HARTSDALE, N.Y. - Sure, any old dog can go out trick-or-treating in a mass-produced costume. For less than $30, he can be a pumpkin, a devil, an astronaut, a cheerleader or - oh, the insult! - a cat.
But what about that very special pooch, the dog whose fur should never touch vinyl and who wouldn't be caught dead in the same costume as the mutt down the block?
Enter: E&E Hallstrom Haute Couture.
The high-end clothing company for dogs has added a line of elaborate costumes to its handmade fashions. For $200 to $240, the Hartsdale, N.Y.-based company, outside New York City, can turn Rover into Rigoletto, Max into Merlin the Magician and Cleo into Cleopatra.
"Dogs like to feel glamorous," says Eva Hallstrom, 41, who started the business with her sister Eleonor Hallstrom, 45, after being laid off from a publishing company last year. "You give them a nice haircut, a bath, you put on a beautiful outfit, and they are just so happy."
The costumes are made from silk, velvet, leather and brocade. They feature collars, buckles, detailed embroidery, fringes, semiprecious stones and pearls. They are fastened around the dog with snaps or handsome buttons.
"Velcro sticks to fur," Eva Hallstrom said. "The dogs don't like it, and then it gets all hairy and stops working."
Among the costumes are male and female versions of Chinese royalty and Renaissance nobility, and a Henry VIII outfit complete with a fancy black hat.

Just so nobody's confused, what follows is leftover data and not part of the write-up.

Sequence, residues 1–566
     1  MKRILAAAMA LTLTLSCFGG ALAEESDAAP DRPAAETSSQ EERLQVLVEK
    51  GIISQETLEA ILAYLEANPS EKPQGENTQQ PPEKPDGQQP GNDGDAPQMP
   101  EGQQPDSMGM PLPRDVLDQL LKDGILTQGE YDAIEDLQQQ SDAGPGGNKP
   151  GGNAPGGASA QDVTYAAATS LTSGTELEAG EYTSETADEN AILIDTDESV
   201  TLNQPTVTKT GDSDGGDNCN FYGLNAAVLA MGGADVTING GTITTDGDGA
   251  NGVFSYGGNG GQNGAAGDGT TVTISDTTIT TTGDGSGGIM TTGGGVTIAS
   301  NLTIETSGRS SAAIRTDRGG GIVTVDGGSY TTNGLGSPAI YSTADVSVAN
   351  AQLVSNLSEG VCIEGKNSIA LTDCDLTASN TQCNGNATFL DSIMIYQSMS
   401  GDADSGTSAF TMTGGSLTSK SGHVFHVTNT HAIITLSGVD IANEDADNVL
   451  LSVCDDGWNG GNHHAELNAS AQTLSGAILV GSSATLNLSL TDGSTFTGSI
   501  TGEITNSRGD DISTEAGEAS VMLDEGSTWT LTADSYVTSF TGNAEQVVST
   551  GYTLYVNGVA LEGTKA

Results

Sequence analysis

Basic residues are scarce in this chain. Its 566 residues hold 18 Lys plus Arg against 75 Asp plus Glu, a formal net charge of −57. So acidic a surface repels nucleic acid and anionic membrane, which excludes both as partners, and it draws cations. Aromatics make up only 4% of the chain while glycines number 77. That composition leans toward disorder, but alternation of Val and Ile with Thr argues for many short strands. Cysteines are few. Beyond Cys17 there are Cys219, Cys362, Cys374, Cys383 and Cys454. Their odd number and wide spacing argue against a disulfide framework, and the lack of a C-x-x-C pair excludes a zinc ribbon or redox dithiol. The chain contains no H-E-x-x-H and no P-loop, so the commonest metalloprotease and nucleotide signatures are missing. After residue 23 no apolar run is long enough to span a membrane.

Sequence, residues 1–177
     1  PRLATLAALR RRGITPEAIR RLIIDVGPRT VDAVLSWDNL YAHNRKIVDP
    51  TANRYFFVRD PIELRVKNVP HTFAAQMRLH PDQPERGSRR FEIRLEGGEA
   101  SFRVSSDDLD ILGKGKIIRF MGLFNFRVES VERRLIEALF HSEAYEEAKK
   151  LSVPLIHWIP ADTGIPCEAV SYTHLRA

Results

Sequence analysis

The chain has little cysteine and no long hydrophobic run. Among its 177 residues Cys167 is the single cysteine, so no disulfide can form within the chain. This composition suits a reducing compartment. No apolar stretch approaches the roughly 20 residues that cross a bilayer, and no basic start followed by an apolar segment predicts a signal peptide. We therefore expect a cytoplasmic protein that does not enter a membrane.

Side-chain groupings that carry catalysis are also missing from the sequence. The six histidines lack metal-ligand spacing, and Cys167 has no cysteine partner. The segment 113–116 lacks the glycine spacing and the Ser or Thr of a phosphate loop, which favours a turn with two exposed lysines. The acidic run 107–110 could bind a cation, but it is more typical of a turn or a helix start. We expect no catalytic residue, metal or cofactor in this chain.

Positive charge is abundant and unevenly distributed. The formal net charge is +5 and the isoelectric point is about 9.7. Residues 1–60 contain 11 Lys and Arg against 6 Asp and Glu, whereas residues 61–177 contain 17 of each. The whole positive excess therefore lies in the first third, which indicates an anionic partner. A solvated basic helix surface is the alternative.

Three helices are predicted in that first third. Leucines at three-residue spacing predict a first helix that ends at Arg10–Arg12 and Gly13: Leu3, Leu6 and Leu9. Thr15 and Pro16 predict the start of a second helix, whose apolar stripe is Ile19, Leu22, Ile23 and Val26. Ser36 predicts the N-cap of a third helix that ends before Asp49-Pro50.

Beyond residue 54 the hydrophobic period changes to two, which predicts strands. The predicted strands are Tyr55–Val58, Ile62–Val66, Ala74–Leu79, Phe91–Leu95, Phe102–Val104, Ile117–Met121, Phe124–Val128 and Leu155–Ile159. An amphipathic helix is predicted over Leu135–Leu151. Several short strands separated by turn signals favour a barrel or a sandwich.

The hat did not sit well with Suki, a miniature poodle who was among a half-dozen generally well-behaved dogs modeling the costumes for a reporter. She got the hat off with a couple of violent shakes of her head, then joined her costumed colleagues in a romp around some Halloween decorations.
At one point, Merlin, played by a Havanese named Oyuki, jumped into a pot of chrysanthemums and nearly disappeared. Cleopatra was a miniature pinscher named Haley, performing nobly if gimpily on a broken leg.
So far, the Hallstroms have sold five of their costumes and expect to do better with a longer lead time next year.
Of course, plenty of dogs all over the country will be wearing handmade costumes on Halloween, pieced together by their owners. But Cammy Cutler, a buyer for the exclusive Karens for People & Pets on Manhattan's Upper East Side, said she is unaware of any handmade dog costumes for sale that are as elaborate as Hallstrom's.
She said she has bought some of the Hallstroms' coats but not their costumes.
"We sell well-made Halloween costumes, not the $5 kind, but they're not $200, either," she said.
Targeting that middle market is Doggy Design in Miami Beach, Fla., which sells various canine outfits, including a bathing suit, a denim dress and a "South Beach Girls' Night Out Collection." Its highest price is $60.
"We're aiming at a different niche," said Jeffrey Mayer, husband of owner Maryella Mayer. "Those high-end manufacturers are more high fashion, haute couture, with the more expensive finishings, where we like to mix fun with practicality."
Shawn Underwood, a spokesman for Petco Animal Supplies Inc., which has 700 stores nationwide, could not say exactly how many pet costumes are sold each Halloween but said sales go up every year.
For $10-$15, he said, Petco offers "a hula skirt for your pug" and "a vampire for your Jack Russell."
On the Net:
E&E Hallstrom Haute Couture, http://www.ehallstromc.com
Doggy Design, http://www.doggydesign.com
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